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With remote learning, mask wearing, social distancing and all the other rules we’ve had to deal with since COVID, there’s plenty of anxiety to go around. So, how do you know if your child really is doing okay or if that recent meltdown means he or she isn’t managing well? “It’s fine for your kid to have occasional outbursts of anger or episodes of sadness. These are tough times,” says Dr. Muhammad Zeshan, clinical assistant professor of psychiatry at Rutgers New Jersey Medical School. “But if he or she still is able to enjoy the same activities, video games, toys and foods they’ve always loved, and if they’re still eating and sleeping okay, your child is coping fine.”

Here are a few other tips for keeping tabs on your child’s mental health:

WATCH FOR SIGNS YOUR KID IS STRESSED

Toddlers express anxiety in subtle ways, says Zeshan. Overall, they become more demanding. They may start thumb sucking again, regress on toilet training or ask you to stay with them at bedtime when they previously had been going to sleep fine on their own. Older kids ages 5 and up and teens may be more clingy, irritable or sad or have outbursts triggered by incidents like not being able to go to a party, play sports or hang out with friends. The lack of structure also affects sleep, and kids may not sleep well or start having nightmares.

TALK TO YOUR KIDS

When your kid is upset, try to stay calm. Naturally, that’s easier said than done. But by taking a few deep breaths before jumping in and reacting emotionally, you’ll activate the thinking part of your brain, says Zeshan. This helps your child bridge the gap between being upset and being calm. Instead of showing your own distress which may escalate tension, validate what your child is feeling by saying something like, ‘You seem sad or angry.’ “It’s helpful to pin down the feeling,” says Zeshan. “We like to say, ‘name the emotion to tame the emotion.’”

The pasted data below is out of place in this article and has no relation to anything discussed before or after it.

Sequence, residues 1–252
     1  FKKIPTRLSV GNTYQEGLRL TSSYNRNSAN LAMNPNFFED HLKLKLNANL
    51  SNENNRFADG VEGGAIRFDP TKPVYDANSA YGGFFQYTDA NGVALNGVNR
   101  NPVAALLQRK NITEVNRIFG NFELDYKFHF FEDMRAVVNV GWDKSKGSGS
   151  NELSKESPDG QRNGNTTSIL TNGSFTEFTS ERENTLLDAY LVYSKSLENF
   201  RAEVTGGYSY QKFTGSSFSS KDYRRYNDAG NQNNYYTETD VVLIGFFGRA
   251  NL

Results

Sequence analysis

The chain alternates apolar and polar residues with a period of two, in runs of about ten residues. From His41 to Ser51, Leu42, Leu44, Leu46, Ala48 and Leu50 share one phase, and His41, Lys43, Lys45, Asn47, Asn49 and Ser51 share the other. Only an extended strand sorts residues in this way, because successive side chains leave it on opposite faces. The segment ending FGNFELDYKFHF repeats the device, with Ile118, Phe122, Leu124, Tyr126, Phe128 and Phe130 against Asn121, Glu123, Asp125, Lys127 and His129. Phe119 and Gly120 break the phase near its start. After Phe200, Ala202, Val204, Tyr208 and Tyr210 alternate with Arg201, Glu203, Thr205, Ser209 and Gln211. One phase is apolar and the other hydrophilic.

EXPLORE SOLUTIONS TOGETHER

“As parents, we often want to jump in and fix things,” says Zeshan. “But there’s a way to be more supportive and helpful.” After you help your child identify his feelings, ask him to tell you what’s going on in his own words. That in turn helps your child slow down and activate his or her thinking brain. Then talk about what he or she might be able to do to feel better. For example, make sure everyone (you included!) is getting enough sleep and plenty of outdoor time, which studies have shown helps improve mood.

REFLECT ON WHAT WORKED

After you’ve talked, make a mental note of what helped—or didn’t. But most of all, cut yourself some slack. “Parenting is messy,” says Zeshan. “There’s no ideal parent, so be kind to yourself. Research shows that as long as ‘repair’ is happening in a relationship, that is, your child gets angry and then gets over it, that’s a normal part of development.”

WATCH FOR RED FLAGS

There are a few warning signs that you should call your pediatrician about. For kids younger than five, you may need help if he or she is constantly not sleeping, having nightmares repeatedly or has stopped eating or going to the bathroom. For older kids, look for signs they’ve lost interest in activities they once enjoyed or if they aren’t able to function throughout the day. If teens are experiencing anger and irritability to the point of destruction of property or physical altercations, it’s time to get help.

The bottom line is you know your kid; if you have doubts, reach out to your child’s doctor right away.

WHERE TO GET HELP

These sites can help you and your child navigate the stress of these difficult times:

Zero to Three: zerotothree.org
American Academy of Pediatrics: healthychildren.org
American Academy of Child & Adolescent Psychiatry: aacap.org